There’s another word for ‘water neutrality’: death

The demand that we should be ‘water wise’ shines a light on what lies behind the politics of environmentalism: shame at our existence.

Brendan O'Neill

Brendan O'Neill
chief political writer

Topics Science & Tech

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A new campaign has been launched to encourage people to ‘Think B4 you breathe’. Activists want us to breathe less because it sucks in oxygen and expels carbon dioxide. A report titled Hold Your Breath! How Breathing Less Can Boost Biodiversity implores ‘healthy men and women over the age of 18’ to try to limit themselves to six breaths per minute instead of the normal 12 to 20. You can even work out your ‘Breath Footprint’ on a new online Eco-Breathalyser, where you input personal info – age, profession, level of physical exercise and sexual exertion – and it tells you how many cubic metres of carbon dioxide you’re spouting each year.

Okay, not really. I made that up. But is it really so far-fetched? Yesterday it was reported that WWF – the Worldwide Fund for Nature – wants to make people more ‘water wise’. It wants us to think long and hard before we use water because currently the average Brit uses the equivalent of 58 bathtubs of the stuff every day. WWF says that a lot of the ‘virtual water’ we use – that is, the water that is used to grow our food or the crops that become our items of clothing, or to feed the animals that become our meat dinner or leather shoes – is based overseas, and therefore Britain is draining water from poorer, drier parts of the world (1). We all must become more ‘water-conscious’, apparently, and ideally ‘water-neutral’, by offsetting our water-use with some eco-friendly campaigning or donations to water-wise charities (2).

So, after the eco-footprint and the carbon footprint, now we have the ‘water footprint’. After all those eco-exhortations that we should feel guilty about how much carbon we use, now we’re told to be ‘conscious’ (which is a PC word for feeling guilty) about how much water we splash on our faces or flush down the toilet. When even our use of water, the very stuff of life, is problematised, transformed into a symbol of mankind’s thoughtlessness and greed, then we can see what really lies behind the politics of environmentalism: not so much scientific evidence that resources are running out as a powerful feeling that humans have no right to use those resources. The new obsession with water-use reveals the discomfort with human life itself that courses through the veins of environmentalism, and the contemporary sense of shame about humanity’s presence on the planet.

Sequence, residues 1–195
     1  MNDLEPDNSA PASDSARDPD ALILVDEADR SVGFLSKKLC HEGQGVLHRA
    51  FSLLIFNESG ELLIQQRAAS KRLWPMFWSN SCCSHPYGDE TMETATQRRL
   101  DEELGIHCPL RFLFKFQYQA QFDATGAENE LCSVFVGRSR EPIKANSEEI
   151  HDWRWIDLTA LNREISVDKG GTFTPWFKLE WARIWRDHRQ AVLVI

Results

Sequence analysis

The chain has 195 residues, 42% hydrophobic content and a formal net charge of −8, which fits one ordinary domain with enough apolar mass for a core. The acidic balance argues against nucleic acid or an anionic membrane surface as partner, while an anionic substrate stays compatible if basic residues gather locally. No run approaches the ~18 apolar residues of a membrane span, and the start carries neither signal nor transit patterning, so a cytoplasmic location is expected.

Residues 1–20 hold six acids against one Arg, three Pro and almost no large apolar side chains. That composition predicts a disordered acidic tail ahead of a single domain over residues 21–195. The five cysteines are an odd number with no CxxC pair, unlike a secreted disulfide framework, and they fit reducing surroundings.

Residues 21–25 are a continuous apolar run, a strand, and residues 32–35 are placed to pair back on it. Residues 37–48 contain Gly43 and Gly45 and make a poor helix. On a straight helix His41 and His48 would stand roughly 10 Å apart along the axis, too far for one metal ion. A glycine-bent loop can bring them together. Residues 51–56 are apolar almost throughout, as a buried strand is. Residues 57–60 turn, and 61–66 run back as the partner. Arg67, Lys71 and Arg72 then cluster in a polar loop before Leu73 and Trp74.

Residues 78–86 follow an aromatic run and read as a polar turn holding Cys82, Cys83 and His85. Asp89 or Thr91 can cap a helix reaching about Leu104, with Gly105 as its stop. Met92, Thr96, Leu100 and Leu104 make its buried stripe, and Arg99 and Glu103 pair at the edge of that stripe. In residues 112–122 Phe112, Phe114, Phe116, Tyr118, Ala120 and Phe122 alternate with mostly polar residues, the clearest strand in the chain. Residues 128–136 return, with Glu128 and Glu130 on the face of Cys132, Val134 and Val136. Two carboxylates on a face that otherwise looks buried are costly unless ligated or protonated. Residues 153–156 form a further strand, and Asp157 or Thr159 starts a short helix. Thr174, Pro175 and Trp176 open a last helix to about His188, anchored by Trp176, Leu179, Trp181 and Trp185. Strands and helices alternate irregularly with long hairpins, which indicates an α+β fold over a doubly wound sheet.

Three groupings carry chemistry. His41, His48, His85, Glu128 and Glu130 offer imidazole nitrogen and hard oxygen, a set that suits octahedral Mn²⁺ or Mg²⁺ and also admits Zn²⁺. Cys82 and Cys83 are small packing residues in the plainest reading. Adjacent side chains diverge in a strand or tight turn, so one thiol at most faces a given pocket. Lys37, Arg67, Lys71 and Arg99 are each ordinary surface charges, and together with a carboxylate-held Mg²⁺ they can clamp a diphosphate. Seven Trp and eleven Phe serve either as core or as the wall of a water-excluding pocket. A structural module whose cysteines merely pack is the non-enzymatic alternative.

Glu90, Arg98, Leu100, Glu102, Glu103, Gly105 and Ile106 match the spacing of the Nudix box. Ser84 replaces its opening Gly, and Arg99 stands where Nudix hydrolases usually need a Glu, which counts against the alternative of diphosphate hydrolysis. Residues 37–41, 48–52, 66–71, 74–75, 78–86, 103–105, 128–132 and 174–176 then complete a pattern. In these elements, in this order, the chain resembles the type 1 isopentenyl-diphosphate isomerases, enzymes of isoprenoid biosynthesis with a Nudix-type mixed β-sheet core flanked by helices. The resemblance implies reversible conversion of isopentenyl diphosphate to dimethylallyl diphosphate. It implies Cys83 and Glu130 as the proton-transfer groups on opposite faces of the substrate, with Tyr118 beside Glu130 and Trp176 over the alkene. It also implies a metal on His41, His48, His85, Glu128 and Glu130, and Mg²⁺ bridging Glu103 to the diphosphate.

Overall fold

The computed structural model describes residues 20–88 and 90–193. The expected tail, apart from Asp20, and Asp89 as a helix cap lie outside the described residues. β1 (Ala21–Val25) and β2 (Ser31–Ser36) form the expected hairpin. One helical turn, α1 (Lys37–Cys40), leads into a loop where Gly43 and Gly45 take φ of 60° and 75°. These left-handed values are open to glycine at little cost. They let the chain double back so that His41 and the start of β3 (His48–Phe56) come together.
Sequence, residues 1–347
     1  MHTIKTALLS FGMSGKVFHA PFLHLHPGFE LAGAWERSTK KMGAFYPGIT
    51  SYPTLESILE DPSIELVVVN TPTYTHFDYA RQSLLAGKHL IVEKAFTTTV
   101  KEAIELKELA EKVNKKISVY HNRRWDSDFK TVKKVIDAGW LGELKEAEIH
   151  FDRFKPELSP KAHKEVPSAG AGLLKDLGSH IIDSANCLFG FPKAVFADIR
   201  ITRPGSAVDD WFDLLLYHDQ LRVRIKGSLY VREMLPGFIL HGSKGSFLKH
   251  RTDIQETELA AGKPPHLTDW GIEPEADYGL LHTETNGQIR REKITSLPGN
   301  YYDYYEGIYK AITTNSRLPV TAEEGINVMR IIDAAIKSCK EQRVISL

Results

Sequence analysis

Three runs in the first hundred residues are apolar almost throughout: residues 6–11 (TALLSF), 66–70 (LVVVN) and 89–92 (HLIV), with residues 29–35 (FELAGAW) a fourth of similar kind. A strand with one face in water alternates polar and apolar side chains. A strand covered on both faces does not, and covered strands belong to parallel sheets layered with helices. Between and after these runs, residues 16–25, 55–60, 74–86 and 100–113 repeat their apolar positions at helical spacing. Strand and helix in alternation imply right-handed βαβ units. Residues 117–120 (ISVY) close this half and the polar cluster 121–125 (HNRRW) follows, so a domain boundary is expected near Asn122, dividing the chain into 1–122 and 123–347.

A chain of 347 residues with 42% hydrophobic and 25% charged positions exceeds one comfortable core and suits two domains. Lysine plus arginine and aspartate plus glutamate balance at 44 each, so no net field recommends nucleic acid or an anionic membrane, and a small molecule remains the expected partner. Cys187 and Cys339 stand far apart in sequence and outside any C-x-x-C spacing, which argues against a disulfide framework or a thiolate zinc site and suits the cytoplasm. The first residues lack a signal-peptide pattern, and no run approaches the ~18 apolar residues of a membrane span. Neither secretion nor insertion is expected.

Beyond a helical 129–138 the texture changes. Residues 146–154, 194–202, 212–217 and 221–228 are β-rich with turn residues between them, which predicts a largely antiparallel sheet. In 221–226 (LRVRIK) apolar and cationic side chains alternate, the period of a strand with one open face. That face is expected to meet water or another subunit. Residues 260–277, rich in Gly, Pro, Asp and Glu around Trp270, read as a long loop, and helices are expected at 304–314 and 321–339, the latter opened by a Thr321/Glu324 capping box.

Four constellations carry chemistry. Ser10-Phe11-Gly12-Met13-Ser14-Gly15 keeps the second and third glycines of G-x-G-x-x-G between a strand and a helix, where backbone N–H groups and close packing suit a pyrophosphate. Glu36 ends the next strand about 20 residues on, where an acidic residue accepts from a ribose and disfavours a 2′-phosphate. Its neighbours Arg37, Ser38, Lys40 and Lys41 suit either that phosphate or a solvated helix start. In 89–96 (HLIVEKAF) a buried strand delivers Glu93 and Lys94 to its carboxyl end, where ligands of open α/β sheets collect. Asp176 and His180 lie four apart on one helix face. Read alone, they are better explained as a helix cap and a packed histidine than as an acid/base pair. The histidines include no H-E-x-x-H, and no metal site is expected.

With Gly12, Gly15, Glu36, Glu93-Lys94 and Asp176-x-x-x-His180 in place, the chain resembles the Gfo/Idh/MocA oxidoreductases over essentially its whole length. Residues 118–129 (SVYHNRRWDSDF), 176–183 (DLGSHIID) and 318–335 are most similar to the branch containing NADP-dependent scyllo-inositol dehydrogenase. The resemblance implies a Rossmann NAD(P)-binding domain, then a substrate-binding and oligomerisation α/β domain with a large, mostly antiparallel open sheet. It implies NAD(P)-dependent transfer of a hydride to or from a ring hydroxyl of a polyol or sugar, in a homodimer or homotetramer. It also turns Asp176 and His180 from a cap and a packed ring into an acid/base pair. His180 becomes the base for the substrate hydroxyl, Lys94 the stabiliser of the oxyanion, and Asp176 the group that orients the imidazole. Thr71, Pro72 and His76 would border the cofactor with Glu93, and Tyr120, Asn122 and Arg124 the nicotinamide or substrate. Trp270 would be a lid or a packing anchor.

The new water-conscious campaign inadvertently exposes the bunkum underpinning the notion that humans are ‘using up’ the world’s resources. One of the main focuses in the new WWF report is how much ‘virtual water’ we use. Where previously, water-wise campaigners argued that the average Briton uses 150 litres of water a day – all that cooking, cleaning, washing and flushing – the WWF says this doesn’t take into account our use of virtual water. Apparently, in virtual terms, we use 30 times more water than we thought. An individual in Britain uses around 4,645 litres of water a day, much of it from the Third World, when you factor in the water that was used to grow the coffee beans in his morning Starbucks, the cotton in his shirt, the juicy steak on his dinner plate, and so on. Or as WWF puts it ‘You take 58 baths a day – virtually’ (3).